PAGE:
approach to pre-algebra and algebra instruc- the most advanced content in the math sec- tion and whose students, by some measures, tion of the California High School Exit Exam, have greater math success. When and how do and the minimum course-taking require- their standards emphasize different aspects of ment for high school graduation. It also falls algebra? Are their standards more coherently short of university eligibility requirements. Trish Williams focused? Is their approach to instruction dif- Greater clarity about the minimum level of EdSource Executive Director ferent? Does this have implications for Cali- math proficiency California should expect fornia’s annual assessments as well? from its high school graduates could provide 2008–09 EdSource Board of Directors

Do California’s teachers in grades 5–8 much-needed guidance to local educators. Davis Campbell, President have the math content knowledge and peda- Moreover, more students completing the President, California School Boards Association Governance Institute gogical skills they need to teach California’s three-year college preparatory math sequence students most effectively?Clear signals about in 10th grade raises additional questions. For Lawrence O. Picus, Vice President Professor, Rossier School of Education, what students should learn are one part of the example, what should schools or the state do University of Southern California equation, but so is the capacity of educators to encourage or compel students to continue Martha Kanter, Fiscal Officer to provide effective instruction. Policymak- taking math so that their skills remain fresh Chancellor, Foothill–De Anza Community ers are already considering whether and how for college entrance and placement exams? College District California’s teacher credentialing require- John B. Mockler, Secretary ments need to respond to increased math California could seize this opportunity for a President, John Mockler & Associates, Inc. expectations for grades K–8. In addition, Cal- fresh look at its math expectations Susan K. Burr ifornia’s investments in and policy approach California’s ambition to improve the math Executive Director, California County Superintendents Educational Services Association to professional development fall short of what proficiency and understanding of all its K–12 Carl A. Cohn many experts believe are warranted, given the students deserves support and investment. Clinical Professor of Urban School Leadership, state’s goals. The State Board of Education, the California Claremont Graduate University

What policy changes in teacher prepara- Department of Education, and most other state Christopher Cross tion and credentialing would help ensure that leaders agree on the big goal: more students, Chair and CEO, Cross & Joftus, LLC new teachers enter the classroom with the especially low-income students, mastering Kenneth F. Hall skills and knowledge they need to teach the Algebra I sooner in their K–12 schooling. This Executive in Residence, University state’s math curriculum well? How can Cali- goal is also consistent with President Barack of Southern California fornia build the teacher capacity required to Obama’s call for more U.S. students to become Reed Hastings CEO, Netflix, Inc. usher the highest possible number of students, proficient in math and science. especially low-income students, to early suc- As California undertakes a new review of Gerald C. Hayward Co-Director (Retired), Policy Analysis for California cess in algebra—if not in grade 8, then in its Mathematics Framework, state education Education grade 9? Can the state build on its existing policy leaders could consider more broadly Janis R. Hirohama professional development infrastructure as a how well the state’s math standards, curri- President, League of Women Voters of California first step, and what else could it do? cula, assessments, and teacher policies sup- Santiago Jackson Finally, if California policymakers decide port schools in teaching—and all students in Director, Office of Legislative and Governmental to make Algebra I a default course-taking learning—the math needed for earlier algebra Affairs, Los Angeles Unified School District expectation for grade 8, this will have particu- success. Perhaps this is an opportune time for Kelvin K. Lee lar implications for high schools. Currently, a thoughtful review and candid discussion of Superintendent (Retired), Dry Creek Joint Elementary School District Algebra I content is an 8th grade standard, math education in California. Jo A.S. Loss President-Elect, California State PTA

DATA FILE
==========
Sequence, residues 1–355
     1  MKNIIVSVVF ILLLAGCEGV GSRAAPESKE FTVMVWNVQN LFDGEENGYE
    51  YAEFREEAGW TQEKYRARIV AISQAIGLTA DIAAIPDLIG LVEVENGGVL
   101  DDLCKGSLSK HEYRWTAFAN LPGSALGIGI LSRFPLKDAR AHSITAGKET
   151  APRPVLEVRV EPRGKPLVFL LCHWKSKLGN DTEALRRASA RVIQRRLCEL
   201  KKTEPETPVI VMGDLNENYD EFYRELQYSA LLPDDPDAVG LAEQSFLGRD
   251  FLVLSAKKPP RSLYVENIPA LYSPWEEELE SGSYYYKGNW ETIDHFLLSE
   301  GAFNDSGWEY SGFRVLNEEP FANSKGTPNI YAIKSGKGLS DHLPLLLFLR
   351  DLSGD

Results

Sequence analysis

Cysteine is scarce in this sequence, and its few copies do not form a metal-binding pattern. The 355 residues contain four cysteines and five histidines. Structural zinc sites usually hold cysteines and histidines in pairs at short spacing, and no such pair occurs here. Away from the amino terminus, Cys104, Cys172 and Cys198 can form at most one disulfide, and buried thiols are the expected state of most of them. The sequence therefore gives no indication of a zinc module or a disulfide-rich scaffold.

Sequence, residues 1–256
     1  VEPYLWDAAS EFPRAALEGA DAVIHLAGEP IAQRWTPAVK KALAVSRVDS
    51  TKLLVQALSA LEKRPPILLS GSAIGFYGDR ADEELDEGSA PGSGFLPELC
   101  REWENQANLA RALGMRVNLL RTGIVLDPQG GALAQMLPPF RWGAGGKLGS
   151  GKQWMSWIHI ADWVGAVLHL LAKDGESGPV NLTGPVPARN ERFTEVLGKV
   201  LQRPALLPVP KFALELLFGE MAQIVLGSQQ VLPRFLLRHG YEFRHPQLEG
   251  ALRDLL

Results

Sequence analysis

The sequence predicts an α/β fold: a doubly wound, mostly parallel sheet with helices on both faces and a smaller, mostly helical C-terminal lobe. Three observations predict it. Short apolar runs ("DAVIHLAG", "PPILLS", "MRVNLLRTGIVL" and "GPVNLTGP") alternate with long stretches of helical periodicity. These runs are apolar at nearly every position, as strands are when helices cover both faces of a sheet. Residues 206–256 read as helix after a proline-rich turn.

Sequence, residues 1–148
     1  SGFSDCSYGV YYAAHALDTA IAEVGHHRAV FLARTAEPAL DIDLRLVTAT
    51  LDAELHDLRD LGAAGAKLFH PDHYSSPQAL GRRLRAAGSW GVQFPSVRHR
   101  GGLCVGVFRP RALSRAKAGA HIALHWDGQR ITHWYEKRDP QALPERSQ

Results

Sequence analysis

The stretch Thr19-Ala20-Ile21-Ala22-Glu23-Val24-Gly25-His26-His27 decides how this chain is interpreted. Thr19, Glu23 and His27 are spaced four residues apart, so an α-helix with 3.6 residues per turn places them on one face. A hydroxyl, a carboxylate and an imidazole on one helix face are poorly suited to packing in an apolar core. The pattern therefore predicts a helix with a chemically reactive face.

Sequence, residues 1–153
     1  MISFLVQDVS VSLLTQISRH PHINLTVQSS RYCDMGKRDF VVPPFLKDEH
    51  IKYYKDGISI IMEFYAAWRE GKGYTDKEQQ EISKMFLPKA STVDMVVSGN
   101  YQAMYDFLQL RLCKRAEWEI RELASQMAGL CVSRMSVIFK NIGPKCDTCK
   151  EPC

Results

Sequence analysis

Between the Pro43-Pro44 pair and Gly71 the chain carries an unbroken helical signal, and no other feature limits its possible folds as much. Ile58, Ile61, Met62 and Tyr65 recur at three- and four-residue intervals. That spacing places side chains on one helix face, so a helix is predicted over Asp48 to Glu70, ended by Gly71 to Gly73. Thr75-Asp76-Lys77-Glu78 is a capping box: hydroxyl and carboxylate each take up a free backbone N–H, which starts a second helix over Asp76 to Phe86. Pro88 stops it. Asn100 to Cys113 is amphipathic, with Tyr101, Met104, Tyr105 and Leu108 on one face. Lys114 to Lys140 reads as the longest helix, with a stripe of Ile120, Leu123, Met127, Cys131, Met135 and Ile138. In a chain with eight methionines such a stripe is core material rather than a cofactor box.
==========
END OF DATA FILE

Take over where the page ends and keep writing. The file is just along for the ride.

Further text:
Paul J. Markowitz Teacher (Retired), Las Virgenes Unified School District

Acknowledgments Amado M. Padilla Professor, School of Education, Stanford University This report was researched and written by: With research support from: Matthew Rosin, Ph.D. Kathy Wilson Don Shalvey CEO and Co-Founder, Aspire Public Schools Heather Barondess Edited by:

Julian Leichty Mary Perry Gloria Taylor Co-President, American Association of University Women–California

© Copyright 2009 by EdSource, Inc. Please call or e-mail EdSource for reprint or dissemination permission.

520 San Antonio Rd, Suite 200, Mountain View, CA 94040-1217 n 650/917-9481 n Fax: 650/917-9482 n [email protected] www.edsource.org n www.ed-data.k12.ca.us